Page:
?: (precedence is immediately higher than assignment)

       Grouping operators:
              ( )

       Integer constants may be specified with arbitrary bases using the
       notation base#number, where base is a decimal integer specifying the
       base, and number is a number in the specified base.

       The operators are evaluated as follows:

              unary +
                     result is the argument (included for completeness).

              unary -

              !      logical not; the result is 1 if argument is zero, 0 if

              ~      arithmetic (bit-wise) not.

              ++     increment; must be applied to a parameter (not a literal
                     or other expression) - the parameter is incremented by 1.
                     When used as a prefix operator, the result is the
                     incremented value of the parameter, when used as a
                     postfix operator, the result is the original value of the

              --     similar to ++, except the parameter is decremented by 1.

              ,      separates two arithmetic expressions; the left hand side
                     is evaluated first, then the right.  The result is value
                     of the expression on the right hand side.

              =      assignment; variable on the left is set to the value on
                     the right.

              *= /= %= += -= <<= >>= &= ^= |=
                     assignment operators; <var> <op>= <expr> is the same as
                     <var> = <var> <op> ( <expr> ).

              ||     logical or; the result is 1 if either argument is non-
                     zero, 0 if not.  The right argument is evaluated only if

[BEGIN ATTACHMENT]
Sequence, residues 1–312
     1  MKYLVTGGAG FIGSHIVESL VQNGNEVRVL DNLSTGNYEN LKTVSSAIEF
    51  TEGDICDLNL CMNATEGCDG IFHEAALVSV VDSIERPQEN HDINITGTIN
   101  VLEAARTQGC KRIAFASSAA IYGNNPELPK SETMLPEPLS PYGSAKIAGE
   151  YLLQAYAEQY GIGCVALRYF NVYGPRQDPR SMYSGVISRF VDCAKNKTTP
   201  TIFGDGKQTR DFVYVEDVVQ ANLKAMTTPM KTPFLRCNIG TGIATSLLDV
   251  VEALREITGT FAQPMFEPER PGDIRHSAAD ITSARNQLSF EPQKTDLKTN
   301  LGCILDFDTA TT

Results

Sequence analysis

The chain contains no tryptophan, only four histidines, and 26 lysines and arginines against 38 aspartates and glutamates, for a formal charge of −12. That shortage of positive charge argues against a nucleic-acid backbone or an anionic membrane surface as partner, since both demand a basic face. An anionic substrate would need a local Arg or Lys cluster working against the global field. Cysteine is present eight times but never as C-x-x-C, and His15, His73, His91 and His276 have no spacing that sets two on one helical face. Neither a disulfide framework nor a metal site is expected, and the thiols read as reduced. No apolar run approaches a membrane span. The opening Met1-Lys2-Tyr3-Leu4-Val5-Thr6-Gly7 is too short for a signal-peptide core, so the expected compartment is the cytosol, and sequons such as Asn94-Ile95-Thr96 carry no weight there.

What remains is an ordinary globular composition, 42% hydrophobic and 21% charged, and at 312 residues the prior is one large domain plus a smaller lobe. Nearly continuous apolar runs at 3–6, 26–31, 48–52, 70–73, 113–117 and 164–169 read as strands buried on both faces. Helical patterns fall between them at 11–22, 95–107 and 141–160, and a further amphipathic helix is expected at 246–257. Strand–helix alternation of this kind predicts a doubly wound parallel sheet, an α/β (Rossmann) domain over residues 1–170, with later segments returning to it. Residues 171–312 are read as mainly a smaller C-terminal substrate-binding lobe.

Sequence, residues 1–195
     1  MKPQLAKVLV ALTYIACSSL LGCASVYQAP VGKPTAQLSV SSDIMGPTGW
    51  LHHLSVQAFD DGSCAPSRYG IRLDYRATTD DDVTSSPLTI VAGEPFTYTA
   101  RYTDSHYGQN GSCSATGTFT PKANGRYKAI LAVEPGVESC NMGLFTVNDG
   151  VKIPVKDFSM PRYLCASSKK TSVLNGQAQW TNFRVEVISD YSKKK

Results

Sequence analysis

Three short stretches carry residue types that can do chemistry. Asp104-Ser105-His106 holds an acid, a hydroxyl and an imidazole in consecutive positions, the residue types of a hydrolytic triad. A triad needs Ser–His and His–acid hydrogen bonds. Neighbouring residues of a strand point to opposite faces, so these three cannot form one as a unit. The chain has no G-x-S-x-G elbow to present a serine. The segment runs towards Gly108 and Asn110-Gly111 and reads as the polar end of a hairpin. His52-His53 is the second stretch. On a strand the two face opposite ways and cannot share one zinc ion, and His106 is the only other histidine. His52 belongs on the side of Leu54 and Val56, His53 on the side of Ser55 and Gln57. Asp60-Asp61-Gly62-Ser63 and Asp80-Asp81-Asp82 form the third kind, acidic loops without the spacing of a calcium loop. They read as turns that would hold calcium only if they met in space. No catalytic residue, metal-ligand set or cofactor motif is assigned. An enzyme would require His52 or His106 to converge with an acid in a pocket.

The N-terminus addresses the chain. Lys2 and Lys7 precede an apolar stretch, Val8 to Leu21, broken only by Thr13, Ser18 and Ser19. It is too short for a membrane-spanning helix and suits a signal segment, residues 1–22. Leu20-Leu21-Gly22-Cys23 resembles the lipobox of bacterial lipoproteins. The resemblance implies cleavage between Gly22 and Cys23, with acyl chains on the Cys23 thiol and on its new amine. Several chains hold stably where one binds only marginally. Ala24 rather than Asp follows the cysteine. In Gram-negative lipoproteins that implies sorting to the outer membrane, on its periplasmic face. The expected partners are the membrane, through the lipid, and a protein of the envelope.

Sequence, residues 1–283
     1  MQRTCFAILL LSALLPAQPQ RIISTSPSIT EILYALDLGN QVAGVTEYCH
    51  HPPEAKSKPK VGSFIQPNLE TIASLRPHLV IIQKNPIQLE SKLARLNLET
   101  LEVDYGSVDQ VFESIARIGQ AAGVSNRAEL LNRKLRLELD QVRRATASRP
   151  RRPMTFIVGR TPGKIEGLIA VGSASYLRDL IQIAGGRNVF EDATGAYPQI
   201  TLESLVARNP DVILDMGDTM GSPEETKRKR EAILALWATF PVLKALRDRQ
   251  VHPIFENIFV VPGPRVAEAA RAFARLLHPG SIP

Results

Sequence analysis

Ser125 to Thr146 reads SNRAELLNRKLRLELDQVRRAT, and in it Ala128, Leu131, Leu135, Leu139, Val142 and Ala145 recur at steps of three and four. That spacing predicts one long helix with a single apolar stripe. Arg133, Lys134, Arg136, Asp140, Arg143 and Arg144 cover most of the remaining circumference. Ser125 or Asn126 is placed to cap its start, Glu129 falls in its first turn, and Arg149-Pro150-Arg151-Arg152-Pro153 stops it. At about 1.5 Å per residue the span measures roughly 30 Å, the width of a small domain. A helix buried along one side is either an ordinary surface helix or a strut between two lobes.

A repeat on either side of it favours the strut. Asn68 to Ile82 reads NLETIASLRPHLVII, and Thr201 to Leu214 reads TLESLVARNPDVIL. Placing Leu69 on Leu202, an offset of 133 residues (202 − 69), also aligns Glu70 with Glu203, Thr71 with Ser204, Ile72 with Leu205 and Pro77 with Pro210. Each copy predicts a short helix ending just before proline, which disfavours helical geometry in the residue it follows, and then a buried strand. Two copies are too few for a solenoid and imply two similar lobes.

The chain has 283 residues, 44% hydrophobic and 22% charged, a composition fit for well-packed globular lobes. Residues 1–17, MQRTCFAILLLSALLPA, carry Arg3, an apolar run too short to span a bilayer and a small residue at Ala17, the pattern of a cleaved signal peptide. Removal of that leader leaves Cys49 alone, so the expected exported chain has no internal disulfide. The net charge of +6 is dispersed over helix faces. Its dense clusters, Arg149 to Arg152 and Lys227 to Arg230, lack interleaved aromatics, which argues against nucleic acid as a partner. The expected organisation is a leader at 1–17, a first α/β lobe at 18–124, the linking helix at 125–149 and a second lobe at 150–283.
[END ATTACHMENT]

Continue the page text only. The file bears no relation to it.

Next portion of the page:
the left argument is zero.

              &&     logical and; the result is 1 if both arguments are non-
                     zero, 0 if not.  The right argument is evaluated only if
                     the left argument is non-zero.

              |      arithmetic (bit-wise) or.

              ^      arithmetic (bit-wise) exclusive-or.

              &      arithmetic (bit-wise) and.

              ==     equal; the result is 1 if both arguments are equal, 0 if

              !=     not equal; the result is 0 if both arguments are equal, 1
                     if not.

              <      less than; the result is 1 if the left argument is less
                     than the right, 0 if not.

              <= >= >
                     less than or equal, greater than or equal, greater than.
                     See <.

              << >>  shift left (right); the result is the left argument with
                     its bits shifted left (right) by the amount given in the
                     right argument.

              + - * /
                     addition, subtraction, multiplication, and division.

              %      remainder; the result is the remainder of the division of
                     the left argument by the right.  The sign of the result
                     is unspecified if either argument is negative.

              <arg1> ? <arg2> : <arg3>
                     if <arg1> is non-zero, the result is <arg2>, otherwise

       A co-process, which is a pipeline created with the |& operator, is an